Monday, June 14, 2010

An admission of personal cowardice . . .

Back sometime in the 1980s I tore a photograph of a starving Ethiopian woman and her starving baby out of the newspaper, stuck it in a frame, and put it on my telephone table at work. It's still with me on my desk at WMRA, because I never want to not be reminded that there is great, great human suffering in this world. And that it is my calling as a human being to do whatever I can to alleviate it whenever and wherever I bump into it.

I've stared at that starving Madonna and child for over a quarter of a century now without flinching. And yet, in the long weeks that BP's been spewing oil into the Gulf, whenever I've opened newspapers and seen a photo of of an oil-soaked brown pelican, I've refused to look at it. I've turned the page or clicked the mouse.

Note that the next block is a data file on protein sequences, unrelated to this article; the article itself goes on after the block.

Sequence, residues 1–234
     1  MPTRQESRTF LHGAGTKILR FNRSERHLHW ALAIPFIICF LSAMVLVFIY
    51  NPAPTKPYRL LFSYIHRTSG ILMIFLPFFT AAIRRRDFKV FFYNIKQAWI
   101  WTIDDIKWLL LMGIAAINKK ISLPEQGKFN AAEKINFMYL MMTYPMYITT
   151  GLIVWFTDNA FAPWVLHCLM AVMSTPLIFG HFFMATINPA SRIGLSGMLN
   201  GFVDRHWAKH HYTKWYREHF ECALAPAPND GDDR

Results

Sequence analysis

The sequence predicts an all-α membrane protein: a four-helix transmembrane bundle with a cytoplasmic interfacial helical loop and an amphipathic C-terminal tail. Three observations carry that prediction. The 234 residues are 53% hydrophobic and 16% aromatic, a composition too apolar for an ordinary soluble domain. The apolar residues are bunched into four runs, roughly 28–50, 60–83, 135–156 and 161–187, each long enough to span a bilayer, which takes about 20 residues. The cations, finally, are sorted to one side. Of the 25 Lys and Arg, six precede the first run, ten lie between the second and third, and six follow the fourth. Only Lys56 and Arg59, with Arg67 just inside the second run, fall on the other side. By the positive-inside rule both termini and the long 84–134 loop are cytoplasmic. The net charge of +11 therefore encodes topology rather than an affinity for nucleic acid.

No more.

Today on Morning Edition, Nell Greenfieldboyce's story asked the question, "Should Oiled Birds Be Cleaned?"  The story pointed out that the birds caught in oil are not just soaked, they're poisoned as well -- ingesting oil as they preen.

I poked around on the internet and found similar articles on CNN, The WeekThe Daily Beast, and other blogs and on-line news sources. The British newspaper Telegraph's article was bluntly slugged, "BP oil spill: It would be kinder to kill these oil-drenched birds."

It seems we humans may have created suffering on our planet that simply cannot be fixed. So the least I can do is have the guts to look at pictures of it.

1 comment:

  1. I've donated a print to be sold for wildlife relief, but i think pumping up the air in my bicycle tires would help more in the long run. Our consumption and low tolerance for discomfort is the big issue behind the spill.

    ...what we "want", and what we "get" are two entirely different things in the same guise.